Respiratory support can mean the difference between life and death for Covid-19 patients.
About one in six people who contracts the disease becomes seriously ill and develop difficulty breathing.
While this is most likely the elderly and people with blood pressure, heart or lung problems, or those with diabetes, about half of the patients requiring intensive care unit (ICU) admission in Ireland so far are under 50.
In those scenarios, with no medical cure for coronavirus, the "superheroes in gowns and scrubs" rely on ventilators and other breathing-support systems to help save lives.
Professor John Laffey, of NUI Galway and consultant in anaesthesia and intensive care medicine at Galway University Hospitals, said that when a patient came in with Covid-19, they would have a massive inflammation of the lungs and respiratory failure and, therefore, very low oxygen levels. Respiratory support allows medics to get a supply of oxygen into the lungs, assisting the patient's breathing until they can function normally.
But there may not be enough ventilators to deal with demand. Italian doctor Daniele Macchini said recently: "Every ventilator becomes like gold."
Doctors in some of the worst-affected countries have had to make very difficult decisions about to whom they offer this life-supporting measure.
In Galway, a global hub for medical devices, Prof Laffey is part of a team of academics and industry representatives brainstorming to meet the ventilator challenge, with an idea borrowed from how US hospitals deal with an influx of victims of mass shootings.
The group is led by Professor Martin O'Halloran of the College of Engineering, an award-winning researcher in the area of medical devices.
One key task they have set themselves is getting each ventilator to ventilate two patients at the same time.
"There is a realistic possibility," said Prof Laffey.
The approach has been used in mass casualty situations, such as shootings in the US, where a person has normal lung function.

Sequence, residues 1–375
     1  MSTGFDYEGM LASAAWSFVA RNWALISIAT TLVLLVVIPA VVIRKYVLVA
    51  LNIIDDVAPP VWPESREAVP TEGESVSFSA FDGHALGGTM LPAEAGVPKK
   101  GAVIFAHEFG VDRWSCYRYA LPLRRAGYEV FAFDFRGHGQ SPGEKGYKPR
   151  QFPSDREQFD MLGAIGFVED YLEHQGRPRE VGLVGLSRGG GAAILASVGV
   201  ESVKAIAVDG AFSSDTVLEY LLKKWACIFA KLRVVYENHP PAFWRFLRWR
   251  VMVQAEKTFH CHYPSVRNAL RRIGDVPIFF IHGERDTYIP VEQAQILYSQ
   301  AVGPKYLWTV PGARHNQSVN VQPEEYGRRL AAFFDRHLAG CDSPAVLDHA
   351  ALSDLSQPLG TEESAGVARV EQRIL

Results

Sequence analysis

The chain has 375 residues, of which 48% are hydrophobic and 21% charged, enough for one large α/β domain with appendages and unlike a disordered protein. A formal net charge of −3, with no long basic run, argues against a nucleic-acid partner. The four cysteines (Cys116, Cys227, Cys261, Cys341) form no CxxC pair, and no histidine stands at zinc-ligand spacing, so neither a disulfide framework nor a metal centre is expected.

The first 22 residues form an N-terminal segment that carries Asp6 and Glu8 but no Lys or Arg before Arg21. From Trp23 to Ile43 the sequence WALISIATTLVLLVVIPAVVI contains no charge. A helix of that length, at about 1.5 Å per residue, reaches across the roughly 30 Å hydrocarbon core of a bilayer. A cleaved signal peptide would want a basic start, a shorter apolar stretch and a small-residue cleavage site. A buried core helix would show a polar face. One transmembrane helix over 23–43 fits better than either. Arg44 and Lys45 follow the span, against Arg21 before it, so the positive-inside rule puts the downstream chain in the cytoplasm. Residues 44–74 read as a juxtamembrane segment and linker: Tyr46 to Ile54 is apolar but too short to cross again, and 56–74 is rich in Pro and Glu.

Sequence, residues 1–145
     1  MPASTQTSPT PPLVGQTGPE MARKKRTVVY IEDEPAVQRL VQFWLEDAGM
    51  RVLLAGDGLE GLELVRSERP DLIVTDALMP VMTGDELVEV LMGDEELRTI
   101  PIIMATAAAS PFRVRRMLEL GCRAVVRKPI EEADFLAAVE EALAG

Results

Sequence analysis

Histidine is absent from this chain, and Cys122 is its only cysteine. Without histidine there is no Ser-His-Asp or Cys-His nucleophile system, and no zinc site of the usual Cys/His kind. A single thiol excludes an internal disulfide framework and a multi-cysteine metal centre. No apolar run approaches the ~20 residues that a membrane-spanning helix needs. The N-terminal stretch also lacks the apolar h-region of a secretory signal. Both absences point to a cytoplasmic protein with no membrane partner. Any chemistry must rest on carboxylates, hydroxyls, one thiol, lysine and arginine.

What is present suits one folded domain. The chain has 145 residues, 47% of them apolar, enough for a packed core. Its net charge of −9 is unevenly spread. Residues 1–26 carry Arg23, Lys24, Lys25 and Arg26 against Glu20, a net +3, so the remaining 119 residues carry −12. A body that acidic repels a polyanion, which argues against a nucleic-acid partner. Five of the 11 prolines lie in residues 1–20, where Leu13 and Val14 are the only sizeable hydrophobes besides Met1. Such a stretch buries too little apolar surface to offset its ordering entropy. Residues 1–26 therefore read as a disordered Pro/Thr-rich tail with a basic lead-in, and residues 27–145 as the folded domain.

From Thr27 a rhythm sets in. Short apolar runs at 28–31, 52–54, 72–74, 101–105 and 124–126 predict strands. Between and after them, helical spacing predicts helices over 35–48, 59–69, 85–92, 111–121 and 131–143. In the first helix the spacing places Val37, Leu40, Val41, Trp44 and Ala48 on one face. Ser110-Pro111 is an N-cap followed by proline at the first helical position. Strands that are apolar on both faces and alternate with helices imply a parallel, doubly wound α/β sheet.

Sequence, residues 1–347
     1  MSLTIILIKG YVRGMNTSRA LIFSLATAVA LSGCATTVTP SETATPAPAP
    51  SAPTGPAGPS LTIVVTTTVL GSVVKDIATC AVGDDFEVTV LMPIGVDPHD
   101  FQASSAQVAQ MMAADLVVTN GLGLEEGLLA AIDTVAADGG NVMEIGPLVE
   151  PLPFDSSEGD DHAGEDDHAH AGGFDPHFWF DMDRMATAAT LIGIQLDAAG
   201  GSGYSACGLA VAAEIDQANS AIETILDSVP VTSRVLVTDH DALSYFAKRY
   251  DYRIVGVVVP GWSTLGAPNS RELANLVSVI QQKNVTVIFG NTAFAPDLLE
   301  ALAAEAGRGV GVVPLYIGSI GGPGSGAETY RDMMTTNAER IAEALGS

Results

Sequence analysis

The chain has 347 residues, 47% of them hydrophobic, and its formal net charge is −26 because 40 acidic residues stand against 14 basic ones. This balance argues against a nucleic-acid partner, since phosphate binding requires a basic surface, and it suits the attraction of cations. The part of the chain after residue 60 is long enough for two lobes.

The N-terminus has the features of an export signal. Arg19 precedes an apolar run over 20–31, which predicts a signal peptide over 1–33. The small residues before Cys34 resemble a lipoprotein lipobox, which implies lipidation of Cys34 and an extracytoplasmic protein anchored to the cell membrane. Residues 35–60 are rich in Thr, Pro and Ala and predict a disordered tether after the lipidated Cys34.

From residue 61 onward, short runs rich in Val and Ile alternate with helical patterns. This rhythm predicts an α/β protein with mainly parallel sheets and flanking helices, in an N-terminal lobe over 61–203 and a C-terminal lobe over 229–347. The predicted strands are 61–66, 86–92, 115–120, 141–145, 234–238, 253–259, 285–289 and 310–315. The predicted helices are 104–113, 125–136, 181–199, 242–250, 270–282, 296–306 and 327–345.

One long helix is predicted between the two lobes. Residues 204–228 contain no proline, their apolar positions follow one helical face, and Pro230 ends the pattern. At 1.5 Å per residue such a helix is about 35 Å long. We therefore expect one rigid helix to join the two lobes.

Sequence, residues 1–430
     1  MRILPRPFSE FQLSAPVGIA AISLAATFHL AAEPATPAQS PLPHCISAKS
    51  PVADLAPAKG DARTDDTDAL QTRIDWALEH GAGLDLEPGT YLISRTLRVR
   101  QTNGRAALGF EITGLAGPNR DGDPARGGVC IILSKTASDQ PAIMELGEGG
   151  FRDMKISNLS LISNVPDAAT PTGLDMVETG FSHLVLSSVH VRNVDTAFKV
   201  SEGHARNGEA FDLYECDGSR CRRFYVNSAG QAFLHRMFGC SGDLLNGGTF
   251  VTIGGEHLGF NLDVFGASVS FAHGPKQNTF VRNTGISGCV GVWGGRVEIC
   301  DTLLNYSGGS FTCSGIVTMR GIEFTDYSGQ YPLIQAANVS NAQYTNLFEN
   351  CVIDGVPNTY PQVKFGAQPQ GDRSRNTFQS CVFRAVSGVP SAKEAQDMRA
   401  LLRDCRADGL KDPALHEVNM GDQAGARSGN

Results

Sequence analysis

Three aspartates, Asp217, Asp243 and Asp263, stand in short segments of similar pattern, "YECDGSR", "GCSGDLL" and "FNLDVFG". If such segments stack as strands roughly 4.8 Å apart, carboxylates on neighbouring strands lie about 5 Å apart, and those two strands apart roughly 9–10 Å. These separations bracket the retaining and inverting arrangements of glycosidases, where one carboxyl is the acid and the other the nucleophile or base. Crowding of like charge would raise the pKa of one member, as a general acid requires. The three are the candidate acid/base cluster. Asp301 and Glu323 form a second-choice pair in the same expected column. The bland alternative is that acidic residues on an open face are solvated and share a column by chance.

"Their lungs are OK, so you can split the lines of the ventilator in two," he said.
While this works well temporarily if the patient has normal lung function, it is not that simple when dealing with Covid-19.
"It is not sophisticated enough for people with injured lungs, who may need different levels of breathing support.
"We need to build technology into them. The idea would be to connect two patients with different degrees of lung injury to a single ventilator and regulate what they get independently. This is a very significant engineering and technological challenge, but we are making good progress towards a solution," he said.
The group is also tackling another challenge thrown up by Covid-19, as it develops approaches to minimise the risks to healthcare workers associated with the use of certain forms of non-invasive ventilation.
Non-invasive ventilation, usually involving placing a mask on the face or a device in the nostrils, is used for patients with less severe breathing problems, and can avoid the need for a ventilator.
But with Covid-19 patients, certain non-invasive supports can potentially expose hospital staff to the virus. These are systems that use pressure to push air into patients, generating aerosol mists that may contain virus particles from the patient's breath. These can leak into the atmosphere when, for instance, a mask does not create a seal around the face.
"When someone breathes out, they breathe out moisture particles that potentially contain the virus," said Prof Laffey.
Because of these risks, restrictions are placed on the use of these systems and Prof Laffey said they were seeking to make them safer through finding ways to capture the aerosol.
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